Spring 2007 New Lens Roundup
A lot of great glass has been introduced over the first three months of the year, including an increasing number of stabilized lenses. Here's a look at what's new for 2007.
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Among the biggest head-turners at PMA 2007 was the gigantic Sigma APO 200-500mm f/2.8 EX DG supertelephoto zoom lens. Estimated at over 35 pounds, this monster lens should cost a pretty penny. But with a fast, constant maximum aperture, and a dedicated 2x Tx as part of the package, you’ve got two lenses in one, the 200-500mm f/2.8, and the equally ridiculously impressive 400-1000mm f/5.6! No price has been set yet, but we predict it to be a tad south of $10,000.
Olympus added several pieces of glass to their lineup, ranging from economical kit zooms to high-end zooms. The kit lenses will ship with the E-410 and E-510 packages. The first kit zoom is a Zuiko Digital ED 14-42mm f/3.5-5.6, and the second is the Zuiko Digital ED 40-150mm f/4.0-5.6. Remember that the Olympus Four Thirds system doubles the effective focal length, so these are equivalent to 28-84mm and 80-300mm zooms on the 35mm standard. The Standard series will gain the Zuiko Digital ED 70-300mm f/4.0-5.6, which has a focal-length range with the same angle of view as a 140mm-600mm lens on a 35mm film camera.
Olympus has also announced a number of new premium lenses. The Zuiko Digital ED 12-60mm F2.8-4.0 SWD will be part of Olympus’s High-Grade (HG) series. It has a focal-length range with the same angle of view as a 24mm-120mm lens on a 35mm film camera. Also an addition to the HG line, the Zuiko Digital ED 50-200mm f/2.8-3.5 SWD has a focal-length range with the same angle of view as a 100mm-400mm lens on a 35mm film camera. The Zuiko Digital ED 14-35mm f/2.0 SWD will be added to the Super High Grade (SHG) series and, as its name indicates, maintains an f/2.0 maximum aperture throughout its zoom range. It offers a focal-length range with the same angle of view as a 28mm-70mm lens on a 35mm film camera.
Pentax continues its up-market growth with the addition of two smc DA* lenses, the smc Pentax-DA* 200mm F2.8ED[IF]SDM, which offers an angle of view equivalent to that of a 306mm lens on a 35mm film camera, and the smc Pentax-DA* 300mm F4ED[IF]SDM, which offers an angle of view equivalent to that of a 460mm lens on a 35mm film camera. Both use Pentax’s SDM supersonic motor to provide fast, quiet autofocus. They are scheduled to become available in September 2007. No prices have been announced.
Additionally, there’s a new Pentax limited lens, the smc Pentax-DA 35mm F2.8 Macro Limited, which offers an angle of view equivalent to that of a 53.5mm lens on a 35mm film camera. According to Pentax, the Limited line will offer optics with outstanding image description performance. No date or price is yet available.
Nikon introduced one new zoom, with optical image stabilization and a silent wave motor, the 55-200mm f/4-5.6G IF-ED AF-S DX VR Zoom-Nikkor, made exclusively for Nikon digital SLRs that use the company’s DX sensor format. This looks like a lot of lens for the $249 MSRP.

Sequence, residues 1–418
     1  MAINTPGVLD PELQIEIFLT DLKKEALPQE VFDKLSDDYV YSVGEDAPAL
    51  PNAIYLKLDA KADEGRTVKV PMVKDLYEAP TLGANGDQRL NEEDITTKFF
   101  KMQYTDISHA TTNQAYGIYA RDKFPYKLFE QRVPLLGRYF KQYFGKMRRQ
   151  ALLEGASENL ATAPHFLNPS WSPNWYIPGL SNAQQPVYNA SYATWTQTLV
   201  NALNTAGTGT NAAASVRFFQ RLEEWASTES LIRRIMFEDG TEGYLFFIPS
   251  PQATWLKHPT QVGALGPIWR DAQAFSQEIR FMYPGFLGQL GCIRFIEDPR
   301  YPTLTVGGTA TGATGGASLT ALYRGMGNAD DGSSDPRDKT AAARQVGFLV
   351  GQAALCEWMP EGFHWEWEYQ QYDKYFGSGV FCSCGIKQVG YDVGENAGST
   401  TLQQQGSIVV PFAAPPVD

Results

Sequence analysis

Canon, on the other hand, introduced a top-of-the-line, second generation superwide zoom, the EF 16-35mm f/2.8L II USM lens, which is digitally optimized with anti-ghosting elements, aspherics, and Ultra-low dispersion elements. The L-line glass does not have a list price, but we’ll bet it streets around $1450 at introduction later this spring.
Leica and Panasonic have announced two new Four Thirds lenses: the Leica D Vario-Elmar 14-150mm/F3.5-5.6 ASPH/MEGA O.I.S. is an optically stabilized lens with a 35mm equivalent range of 28-300mm. The Leica D Summilux 25mm f/1.4 ASPH is equivalent to a 50mm on the 35mm standard, and should be a very sharp standard lens for the Four Thirds system cameras. No price or date yet available for these lenses.
Tamron rounds out this wrap-up with two interesting offerings for this company, a 70-200mm f/2.8 DI LD MACRO, which appears built to pro-level expectations. It also has macro capabilities to 1:3.1, which is unusual in this class. No date or price is yet available on this one. Tamron has also introduced the company’s first optically stabilized lens, the Tamron 28-300mm f/3.5-6.3 XR DI VC LD. The VC stands for “Vibration Compensation”, and it is described as “triaxial.” It is a full-frame lens, so it will work on a Canon 5D DSLR, or any film-based 35mm DLSR. No price or date yet available.
And, because of requests from medium format shooters, Lensbabies has released the Mamiya 645 LB3G, an 80mm f/3.4-39 optic, and the Pentax 67 LB3G, a 100mm f/4-45 lens.
The addition of medium format LB3Gs allows medium-format studio, advertising, and landscape photographers to create images with the distinctive Lensbaby look that will meet client demands for large files and negatives, and opens up the Lensbaby world-view to a whole new breed of photographers. We think this is a daring move by Lensbabies, and we expect to start seeing more and more bent and twisted Lensbabies shots showing up in brochures and ad campaigns in the later part of the year.
Stay tuned in the coming weeks and months for full test reports on these lenses and more from the Pop Photo Lab.